Blogs > Frye on the News

Keeping his eye on the news and offering commentaries and insights on what is happening in Oakland County, around the world, on the tube and in the news.

Thursday, March 26, 2009

The U.N. did what?

For years the U.N. played off to the world that it held the reasonable minds needed to keep the world safe, playing off the distrust people felt about George W. Bush and his we'll-go-it-alone administration. This view was bolstered when the previously-believed-to-be-a-straight-shooter Colin Powell presented the evidence of weapons of mass destruction, which have not been found and are confirmed to not exist.
Now that America has a president who says he wants to and will earn the world's respect and return America to its position as most admirable nation in the world, the U.N. goes and does something downright particular.
Actually, it is one group within the United Nations, but the human rights body within the international coalition may have just pushed the anti-U.N. movement to new heights (and this comes after some city councils across the nation have gone so far as to pass anti-U.N. local laws, symbolic of what, I wish not to directly address).
The Human Rights council voted for a resolution that would ban criticism of religion, perhaps partially inspired by those Danish cartoons about you know who. I don't even want to end up near their s--t lists.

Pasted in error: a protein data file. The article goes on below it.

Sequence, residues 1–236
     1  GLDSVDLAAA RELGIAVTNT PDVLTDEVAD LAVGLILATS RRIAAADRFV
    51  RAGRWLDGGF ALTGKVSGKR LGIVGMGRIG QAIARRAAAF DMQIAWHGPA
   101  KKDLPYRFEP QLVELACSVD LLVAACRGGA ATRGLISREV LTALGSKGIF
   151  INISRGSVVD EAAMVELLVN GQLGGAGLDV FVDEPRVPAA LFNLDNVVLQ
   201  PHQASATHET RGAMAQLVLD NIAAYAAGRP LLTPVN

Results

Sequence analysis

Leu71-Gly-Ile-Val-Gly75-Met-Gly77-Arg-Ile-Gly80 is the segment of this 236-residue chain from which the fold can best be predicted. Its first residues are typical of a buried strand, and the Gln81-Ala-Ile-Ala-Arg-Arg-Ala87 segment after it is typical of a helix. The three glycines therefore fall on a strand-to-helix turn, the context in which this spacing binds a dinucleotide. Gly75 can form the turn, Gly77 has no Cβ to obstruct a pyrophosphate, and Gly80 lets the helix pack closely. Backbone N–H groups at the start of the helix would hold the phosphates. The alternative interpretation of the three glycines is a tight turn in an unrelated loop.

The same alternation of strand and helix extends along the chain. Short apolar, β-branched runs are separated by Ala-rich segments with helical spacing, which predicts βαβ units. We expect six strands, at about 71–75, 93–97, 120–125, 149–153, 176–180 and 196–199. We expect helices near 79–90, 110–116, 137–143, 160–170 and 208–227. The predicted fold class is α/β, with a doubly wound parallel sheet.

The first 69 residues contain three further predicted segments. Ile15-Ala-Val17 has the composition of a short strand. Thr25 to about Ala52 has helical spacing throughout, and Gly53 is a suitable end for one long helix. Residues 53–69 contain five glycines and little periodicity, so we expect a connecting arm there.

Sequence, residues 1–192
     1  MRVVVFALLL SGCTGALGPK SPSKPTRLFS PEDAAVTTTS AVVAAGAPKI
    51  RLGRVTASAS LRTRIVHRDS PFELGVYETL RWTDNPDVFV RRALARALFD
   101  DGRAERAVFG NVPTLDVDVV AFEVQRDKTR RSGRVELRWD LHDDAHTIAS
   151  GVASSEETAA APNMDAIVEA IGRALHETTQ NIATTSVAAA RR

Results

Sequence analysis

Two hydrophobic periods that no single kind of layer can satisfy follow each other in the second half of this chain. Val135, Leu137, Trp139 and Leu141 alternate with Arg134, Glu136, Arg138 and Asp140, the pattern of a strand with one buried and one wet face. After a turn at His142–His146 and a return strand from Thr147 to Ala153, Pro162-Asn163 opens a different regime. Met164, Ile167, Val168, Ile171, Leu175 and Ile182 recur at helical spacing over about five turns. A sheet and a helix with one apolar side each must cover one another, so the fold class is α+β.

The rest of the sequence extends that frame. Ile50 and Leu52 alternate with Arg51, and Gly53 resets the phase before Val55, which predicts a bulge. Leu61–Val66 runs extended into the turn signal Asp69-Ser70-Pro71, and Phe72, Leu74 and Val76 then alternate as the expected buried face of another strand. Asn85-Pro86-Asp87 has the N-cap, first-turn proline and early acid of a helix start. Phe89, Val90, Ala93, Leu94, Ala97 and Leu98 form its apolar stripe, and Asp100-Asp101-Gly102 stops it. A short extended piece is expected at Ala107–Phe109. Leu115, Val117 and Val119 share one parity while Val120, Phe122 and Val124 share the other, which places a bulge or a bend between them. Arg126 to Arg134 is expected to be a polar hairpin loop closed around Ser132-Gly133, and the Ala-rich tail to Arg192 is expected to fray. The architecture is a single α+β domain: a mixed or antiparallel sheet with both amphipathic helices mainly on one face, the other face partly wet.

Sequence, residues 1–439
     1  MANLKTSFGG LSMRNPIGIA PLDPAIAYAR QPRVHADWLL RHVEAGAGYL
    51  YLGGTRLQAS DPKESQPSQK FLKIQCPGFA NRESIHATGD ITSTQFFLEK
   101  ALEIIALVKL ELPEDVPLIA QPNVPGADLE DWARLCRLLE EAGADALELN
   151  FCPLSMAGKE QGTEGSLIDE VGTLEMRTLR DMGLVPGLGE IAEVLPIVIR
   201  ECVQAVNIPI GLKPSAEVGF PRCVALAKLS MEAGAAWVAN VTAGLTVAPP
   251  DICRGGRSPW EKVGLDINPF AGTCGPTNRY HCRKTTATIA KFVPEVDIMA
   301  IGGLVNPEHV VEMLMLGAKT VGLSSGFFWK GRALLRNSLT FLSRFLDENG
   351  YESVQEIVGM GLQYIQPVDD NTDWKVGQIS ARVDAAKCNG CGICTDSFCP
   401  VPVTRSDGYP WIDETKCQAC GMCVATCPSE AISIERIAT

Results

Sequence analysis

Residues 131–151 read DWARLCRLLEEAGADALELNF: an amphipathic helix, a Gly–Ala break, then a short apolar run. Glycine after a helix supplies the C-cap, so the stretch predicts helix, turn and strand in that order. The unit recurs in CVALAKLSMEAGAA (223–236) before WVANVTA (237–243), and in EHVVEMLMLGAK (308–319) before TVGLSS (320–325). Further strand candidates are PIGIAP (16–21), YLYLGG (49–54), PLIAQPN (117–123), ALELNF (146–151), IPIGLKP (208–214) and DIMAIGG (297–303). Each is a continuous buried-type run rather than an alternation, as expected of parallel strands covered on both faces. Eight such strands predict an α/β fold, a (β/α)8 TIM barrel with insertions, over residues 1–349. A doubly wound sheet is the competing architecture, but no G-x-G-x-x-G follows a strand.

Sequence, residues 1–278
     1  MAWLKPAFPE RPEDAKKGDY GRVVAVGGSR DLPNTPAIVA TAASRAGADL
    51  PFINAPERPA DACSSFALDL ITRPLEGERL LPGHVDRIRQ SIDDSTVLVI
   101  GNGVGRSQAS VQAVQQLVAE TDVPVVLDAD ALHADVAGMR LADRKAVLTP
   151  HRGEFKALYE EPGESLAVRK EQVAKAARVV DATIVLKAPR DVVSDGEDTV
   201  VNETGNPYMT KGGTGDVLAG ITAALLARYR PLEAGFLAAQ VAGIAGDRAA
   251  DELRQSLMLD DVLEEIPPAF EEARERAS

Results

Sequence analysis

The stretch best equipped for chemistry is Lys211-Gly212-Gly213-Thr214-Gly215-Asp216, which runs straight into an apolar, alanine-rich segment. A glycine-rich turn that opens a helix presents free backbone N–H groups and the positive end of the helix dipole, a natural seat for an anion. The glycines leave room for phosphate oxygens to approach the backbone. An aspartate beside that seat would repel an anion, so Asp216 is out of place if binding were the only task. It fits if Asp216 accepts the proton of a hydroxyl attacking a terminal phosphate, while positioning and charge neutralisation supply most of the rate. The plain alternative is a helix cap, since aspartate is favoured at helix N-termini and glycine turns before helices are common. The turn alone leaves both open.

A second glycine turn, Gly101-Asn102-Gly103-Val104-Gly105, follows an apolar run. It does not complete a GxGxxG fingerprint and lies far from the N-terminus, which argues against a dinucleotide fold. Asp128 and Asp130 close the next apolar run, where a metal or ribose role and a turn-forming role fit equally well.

While this will give great fodder for those like Bill Maher, it will outrage most Americans, I believe. We love to criticize. Just look how readers reacted to a Catholic bishop who dared criticize the Tigers' Opening Day being on Good Friday
(As for that one, I say it's only a baseball game. It's not election day was placed on someone holy calendar. Skip the game; there's 161 more -- and if the Tigers can get it going, maybe even a dozen or so more than that.)
And what is criticism anyway? In plenty of Muslim countries, people get arrested or killed for thoughtful analysis of policies that are based on religion. 
While this resolution is really only a recommendation, it hurts the efforts of the U.N. to help nations with food, with science, with humanitarian relief, with political conflicts.
If this is where this particular council was going, Bush was right to abandon it. I wonder if we had stayed participants if we couldn't have kept some crazed initiative like this from even reaching a vote. 
It will only hurt, and to the nations and people who dislike us and feel this is necessary, they will on day see that this kind of restriction on the freedom of speech, thought and expression will only hurt.


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